Abstract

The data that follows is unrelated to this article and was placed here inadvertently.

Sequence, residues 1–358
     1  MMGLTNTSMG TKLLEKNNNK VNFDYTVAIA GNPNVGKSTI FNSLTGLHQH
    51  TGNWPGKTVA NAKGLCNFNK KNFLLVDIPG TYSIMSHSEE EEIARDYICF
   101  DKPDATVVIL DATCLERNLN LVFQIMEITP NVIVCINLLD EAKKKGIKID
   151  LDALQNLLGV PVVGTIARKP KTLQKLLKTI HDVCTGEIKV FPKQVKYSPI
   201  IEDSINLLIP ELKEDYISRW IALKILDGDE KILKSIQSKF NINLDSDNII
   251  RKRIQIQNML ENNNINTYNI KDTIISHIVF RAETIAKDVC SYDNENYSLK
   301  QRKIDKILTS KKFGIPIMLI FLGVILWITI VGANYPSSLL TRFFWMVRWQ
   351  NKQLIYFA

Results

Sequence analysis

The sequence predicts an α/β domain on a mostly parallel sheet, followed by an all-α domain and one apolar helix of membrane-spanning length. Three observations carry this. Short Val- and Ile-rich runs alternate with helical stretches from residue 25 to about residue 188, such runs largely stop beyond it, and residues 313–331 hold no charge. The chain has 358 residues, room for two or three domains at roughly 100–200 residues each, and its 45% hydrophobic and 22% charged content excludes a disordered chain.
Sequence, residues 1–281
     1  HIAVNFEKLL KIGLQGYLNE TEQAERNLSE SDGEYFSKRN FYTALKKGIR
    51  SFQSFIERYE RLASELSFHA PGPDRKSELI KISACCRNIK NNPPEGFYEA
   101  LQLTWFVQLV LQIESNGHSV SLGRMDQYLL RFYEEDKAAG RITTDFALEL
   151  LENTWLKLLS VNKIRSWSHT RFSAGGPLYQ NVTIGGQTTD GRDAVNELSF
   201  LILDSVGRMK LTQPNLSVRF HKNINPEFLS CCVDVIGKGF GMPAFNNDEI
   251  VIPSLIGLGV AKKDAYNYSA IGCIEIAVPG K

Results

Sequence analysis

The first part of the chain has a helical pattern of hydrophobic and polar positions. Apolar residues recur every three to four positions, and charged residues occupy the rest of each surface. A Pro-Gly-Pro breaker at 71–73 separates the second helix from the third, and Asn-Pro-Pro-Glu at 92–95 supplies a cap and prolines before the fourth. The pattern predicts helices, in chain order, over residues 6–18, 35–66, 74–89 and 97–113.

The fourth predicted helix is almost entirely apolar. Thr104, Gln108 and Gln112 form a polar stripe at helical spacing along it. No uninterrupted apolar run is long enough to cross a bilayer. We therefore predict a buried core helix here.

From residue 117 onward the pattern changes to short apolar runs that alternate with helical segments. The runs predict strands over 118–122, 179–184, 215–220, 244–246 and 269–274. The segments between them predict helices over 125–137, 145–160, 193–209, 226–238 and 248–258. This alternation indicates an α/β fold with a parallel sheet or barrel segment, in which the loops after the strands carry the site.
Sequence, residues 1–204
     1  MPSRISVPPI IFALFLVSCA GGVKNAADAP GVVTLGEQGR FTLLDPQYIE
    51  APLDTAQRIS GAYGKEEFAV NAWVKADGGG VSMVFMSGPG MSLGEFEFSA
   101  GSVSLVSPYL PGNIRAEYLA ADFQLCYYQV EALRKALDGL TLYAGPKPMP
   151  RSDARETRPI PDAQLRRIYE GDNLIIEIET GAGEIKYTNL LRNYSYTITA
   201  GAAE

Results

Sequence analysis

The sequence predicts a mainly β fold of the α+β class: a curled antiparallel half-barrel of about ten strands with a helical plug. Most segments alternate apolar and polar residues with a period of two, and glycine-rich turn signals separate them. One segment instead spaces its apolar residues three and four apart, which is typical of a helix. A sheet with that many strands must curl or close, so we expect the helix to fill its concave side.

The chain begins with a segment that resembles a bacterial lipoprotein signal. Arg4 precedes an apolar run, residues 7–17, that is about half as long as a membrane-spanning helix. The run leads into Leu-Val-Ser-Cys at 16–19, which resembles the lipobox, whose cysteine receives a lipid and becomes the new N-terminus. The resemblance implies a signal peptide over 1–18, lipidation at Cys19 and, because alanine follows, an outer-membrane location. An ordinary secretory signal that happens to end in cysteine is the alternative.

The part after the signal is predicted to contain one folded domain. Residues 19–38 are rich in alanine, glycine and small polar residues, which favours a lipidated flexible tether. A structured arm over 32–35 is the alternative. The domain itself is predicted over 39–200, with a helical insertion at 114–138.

Transposition is a tendency for organisms to generalize relationships between stimuli in situations where training does not objectively reward relationships over absolute, static associations. Transposition has most commonly been explained as either conceptual understanding of relationships (Köhler, 1938) as nonconceptual effects of neural memory gradients (as in Spence's stimulus discrimination theory, 1937). Most behavioral evidence can be explained by the gradient account, but a key finding unexplained by gradients is intermediate transposition, where a central (of three) stimulus, “relationally correct response,” is generalized from training to test. Here, we introduce a dynamic neural field (DNF) model that captures intermediate transposition effects while using neural mechanisms closely resembling those of Spence's original proposal. The DNF model operates on dynamic rather than linear neural relationships, but it still functions by way of gradient interactions, and it does not invoke relational conceptual understanding in order to explain transposition behaviors. In addition to intermediate transposition, the DNF model also replicates the predictions of stimulus discrimination theory with respect to basic two-stimulus transposition. Effects of wider test item spacing were additionally captured. Overall, the DNF model captures a wider range of effects in transposition than stimulus discrimination theory, uses more fully specified neural mechanics, and integrates transposition into a wider modeling effort across cognitive tasks and phenomena. At the same time, the model features a similar low-level focus and emphasis on gradient interactions as Spence's, serving as a conceptual continuation and updating of Spence's work in the field of transposition.

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